As can be seen, the STF in recent years has taken a recalcitrant position with regard to the original rights of indigenous peoples and, by embracing the political-legal thesis of the temporal framework and denying the traditional character of such lands, has come to ignore their own nature. original. In this process of true deconstitutionalization of a fundamental right, the STF violates the constitutional prohibition of return in terms of fundamental rights.

The shift of the STF towards the adoption of the temporal framework generated great legal uncertainty among indigenous peoples, as it contravened, as shown above, not only the constitutional text but also the court's precedents. By establishing the time frame of the 88 Constitution for locating the Indians' right to the lands they live in, therefore, the STF broke both with its own tradition and with that of Brazilian constitutionalism, which covers the series of Brazilian constitutions from 1934 to our days, including those enacted by dictatorial regimes. This right has its philosophical basis in the fact that the Indians were the original inhabitants of the lands they called Pindorama, of which they were legitimate owners or lords. Until 1998, even in the case of extinct settlements, these original rights were recognized.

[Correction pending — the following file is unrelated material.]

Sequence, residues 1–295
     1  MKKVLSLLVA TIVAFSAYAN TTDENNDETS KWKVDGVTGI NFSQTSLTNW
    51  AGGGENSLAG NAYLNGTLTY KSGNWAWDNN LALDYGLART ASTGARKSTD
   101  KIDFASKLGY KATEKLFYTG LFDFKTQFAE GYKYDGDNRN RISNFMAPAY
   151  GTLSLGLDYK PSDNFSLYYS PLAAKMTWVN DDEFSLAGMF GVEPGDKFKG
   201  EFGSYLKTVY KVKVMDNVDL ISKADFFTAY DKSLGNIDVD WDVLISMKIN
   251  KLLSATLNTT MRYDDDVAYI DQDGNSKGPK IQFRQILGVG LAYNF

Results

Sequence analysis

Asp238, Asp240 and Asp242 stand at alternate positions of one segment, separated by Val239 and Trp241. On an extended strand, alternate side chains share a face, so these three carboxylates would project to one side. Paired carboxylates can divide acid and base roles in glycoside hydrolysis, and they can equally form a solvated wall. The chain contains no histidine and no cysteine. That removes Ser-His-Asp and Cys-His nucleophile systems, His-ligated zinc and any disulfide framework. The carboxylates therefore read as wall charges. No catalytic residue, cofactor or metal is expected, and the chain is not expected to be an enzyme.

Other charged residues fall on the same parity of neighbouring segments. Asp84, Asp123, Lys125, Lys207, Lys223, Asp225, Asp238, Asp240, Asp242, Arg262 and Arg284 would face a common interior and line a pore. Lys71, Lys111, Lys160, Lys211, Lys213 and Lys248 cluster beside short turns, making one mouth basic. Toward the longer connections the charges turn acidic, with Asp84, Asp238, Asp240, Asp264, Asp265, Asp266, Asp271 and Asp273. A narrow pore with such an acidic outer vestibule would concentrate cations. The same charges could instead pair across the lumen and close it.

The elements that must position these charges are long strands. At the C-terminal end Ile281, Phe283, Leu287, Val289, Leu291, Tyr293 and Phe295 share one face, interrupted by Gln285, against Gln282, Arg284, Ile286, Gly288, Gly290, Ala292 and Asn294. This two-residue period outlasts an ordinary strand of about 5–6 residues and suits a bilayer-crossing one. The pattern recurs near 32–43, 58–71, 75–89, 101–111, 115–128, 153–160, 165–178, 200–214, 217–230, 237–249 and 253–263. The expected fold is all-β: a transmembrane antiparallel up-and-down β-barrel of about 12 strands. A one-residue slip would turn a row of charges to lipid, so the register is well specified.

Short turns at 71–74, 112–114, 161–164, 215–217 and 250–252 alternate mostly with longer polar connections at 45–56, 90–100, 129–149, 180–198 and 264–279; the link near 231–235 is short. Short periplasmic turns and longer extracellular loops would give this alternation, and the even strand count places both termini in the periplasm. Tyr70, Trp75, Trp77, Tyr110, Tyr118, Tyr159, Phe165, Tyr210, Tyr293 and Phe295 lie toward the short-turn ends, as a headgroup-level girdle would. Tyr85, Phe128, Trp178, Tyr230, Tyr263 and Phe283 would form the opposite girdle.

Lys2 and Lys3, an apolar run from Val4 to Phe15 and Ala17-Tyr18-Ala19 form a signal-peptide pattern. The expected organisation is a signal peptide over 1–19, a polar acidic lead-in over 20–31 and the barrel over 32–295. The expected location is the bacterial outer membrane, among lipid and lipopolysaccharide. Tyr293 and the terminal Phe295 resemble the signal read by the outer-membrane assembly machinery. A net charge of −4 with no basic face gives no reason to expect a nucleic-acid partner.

It is nothing new that, despite the tradition of indigenato in Brazilian law, its application was the object of numerous manipulations, sometimes enveloped in a frame to legitimize violence against these same peoples, legalizing invasions and theft of indigenous lands. In this way, it must be emphasized that it is not extraordinary that, even when the rights of indigenous peoples are formally recognized, legal norms are the object of dispute and the backdrop for the denial of the rights they intend to affirm, which has already been called “inclusion of exclusion” of indigenous peoples in Brazil.